And now, according to another researcher -- Priscilla Stephan of the World Wildlife Fund -- Mexico, Canada, and the United States have been "secretly negotiating" changes to the rules so it will become even harder for citizens of the three NAFTA countries to have a say in environmental matters. "In the shadow of Seattle," Stephan wrote recently, "and protesters in the streets of Washington, D.C. responding to commercially driven globalization, the NAFTA parties appear to be weakening one of the only mechanisms ever designed to create international rights for individuals and nonprofit groups..."
Under Article 14 of the NAFTA environmental side agreement, writes Stephan, "The citizens submission process is at the core of the environmental promises made when NAFTA was signed."
In a letter to the commission, Stephan says a U.S. position paper, which she acquired with Environmental Protection Agency help, "contains ideas that raise the specter of unjustified new restrictions on the citizen petition process.... We demand, quite simply, a halt to these negotiations until the citizens whose interests are directly at stake have an opportunity to make their voices heard. Anything less makes a complete charade out of past shows of concern for public participation."
Yet on April 10, San Diego's Environmental Health Coalition scored a small victory. NAFTA's environmental secretariat in Montreal, Canada, announced that a "factual record" (read: investigation) should be undertaken regarding the San Diego and Tijuana petition for action over the abandoned Metales y Derivados lead smelter. They rejected Luna's proposal that Mexico should seek to extradite Kahn from San Diego but were willing to examine the group's claim that Mexico "has failed to effectively enforce its environmental laws" at the site.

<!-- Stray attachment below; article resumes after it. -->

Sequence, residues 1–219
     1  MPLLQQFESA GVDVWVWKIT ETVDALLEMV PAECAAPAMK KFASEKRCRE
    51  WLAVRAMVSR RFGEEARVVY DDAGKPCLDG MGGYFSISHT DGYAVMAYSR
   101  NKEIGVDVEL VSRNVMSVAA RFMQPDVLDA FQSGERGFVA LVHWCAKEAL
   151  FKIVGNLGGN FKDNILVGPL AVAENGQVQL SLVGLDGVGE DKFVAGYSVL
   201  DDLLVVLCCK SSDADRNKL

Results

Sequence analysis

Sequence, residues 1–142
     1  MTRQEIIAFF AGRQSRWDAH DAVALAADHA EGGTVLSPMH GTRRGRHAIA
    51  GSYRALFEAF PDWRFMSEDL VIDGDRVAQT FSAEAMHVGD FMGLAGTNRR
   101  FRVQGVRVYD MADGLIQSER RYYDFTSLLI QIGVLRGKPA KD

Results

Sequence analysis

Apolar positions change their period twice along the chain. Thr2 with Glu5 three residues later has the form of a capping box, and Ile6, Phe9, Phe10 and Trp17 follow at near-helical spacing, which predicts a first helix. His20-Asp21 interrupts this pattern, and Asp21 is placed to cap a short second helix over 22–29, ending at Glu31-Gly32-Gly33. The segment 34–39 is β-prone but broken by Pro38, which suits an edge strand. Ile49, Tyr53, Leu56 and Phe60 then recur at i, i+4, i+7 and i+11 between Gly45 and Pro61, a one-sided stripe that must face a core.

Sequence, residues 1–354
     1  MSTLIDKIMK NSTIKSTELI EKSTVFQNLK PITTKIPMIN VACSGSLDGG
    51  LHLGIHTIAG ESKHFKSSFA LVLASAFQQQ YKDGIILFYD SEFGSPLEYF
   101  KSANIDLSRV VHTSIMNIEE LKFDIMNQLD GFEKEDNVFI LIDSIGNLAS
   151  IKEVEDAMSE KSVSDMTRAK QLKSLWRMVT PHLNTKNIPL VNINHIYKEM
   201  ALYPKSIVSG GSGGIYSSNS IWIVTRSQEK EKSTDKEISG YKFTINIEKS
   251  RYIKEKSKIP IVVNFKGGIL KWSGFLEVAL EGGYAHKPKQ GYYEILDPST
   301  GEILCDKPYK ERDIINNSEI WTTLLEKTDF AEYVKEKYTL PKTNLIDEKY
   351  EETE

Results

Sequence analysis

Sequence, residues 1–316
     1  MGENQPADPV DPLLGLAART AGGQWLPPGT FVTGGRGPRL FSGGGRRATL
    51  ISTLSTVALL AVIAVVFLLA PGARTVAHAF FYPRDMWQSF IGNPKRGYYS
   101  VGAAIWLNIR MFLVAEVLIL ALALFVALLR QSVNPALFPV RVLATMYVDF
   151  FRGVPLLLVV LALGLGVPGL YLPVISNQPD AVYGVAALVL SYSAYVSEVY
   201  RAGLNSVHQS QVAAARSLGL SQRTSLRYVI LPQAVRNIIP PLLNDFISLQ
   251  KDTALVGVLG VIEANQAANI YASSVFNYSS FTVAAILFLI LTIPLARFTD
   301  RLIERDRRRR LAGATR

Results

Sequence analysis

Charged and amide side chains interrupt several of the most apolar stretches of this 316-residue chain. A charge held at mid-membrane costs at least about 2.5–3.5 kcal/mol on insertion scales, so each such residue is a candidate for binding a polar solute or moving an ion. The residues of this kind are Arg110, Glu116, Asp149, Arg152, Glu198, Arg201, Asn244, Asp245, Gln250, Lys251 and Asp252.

"Alan Hecht [Principal Deputy Assistant Administrator of International Activities at the EPA in Washington] told us he's been monitoring our case very carefully," an excited Luna said last week. "He says the case is being fully considered, and he expected something may happen after the next meeting of the Commission for Environmental Cooperation bosses [environmental administration chiefs from each NAFTA member government] in June. He said this case 'is really on the radar screen. It's a hot topic for discussion.' And he was very impressed with ours and the commission secretariat staff's analysis of the case."
The best that Luna and his co-activists can get out of this is publication of that commission's "Independent Factual Record." The commission has no enforcement or penalizing powers against member countries that have broken their own environmental codes. "But at least the factual record might shed light into why the Metales y Derivados problem continues to exist," says Luna. "What we're hoping for is that the U.S. and Mexico will now find the will and the way to actually do the cleanup. Hecht told us, 'This is prompting us to really look at "How can we remedy it."' So...I think it's actually working!"
If it is, it will not ring any big bells like Richardson's $50 million border-cleanup proposal. But for the people of Colonia Chilpancingo, after decades of what they believe has been breathing, drinking, and eating lead poison, it will spell relief.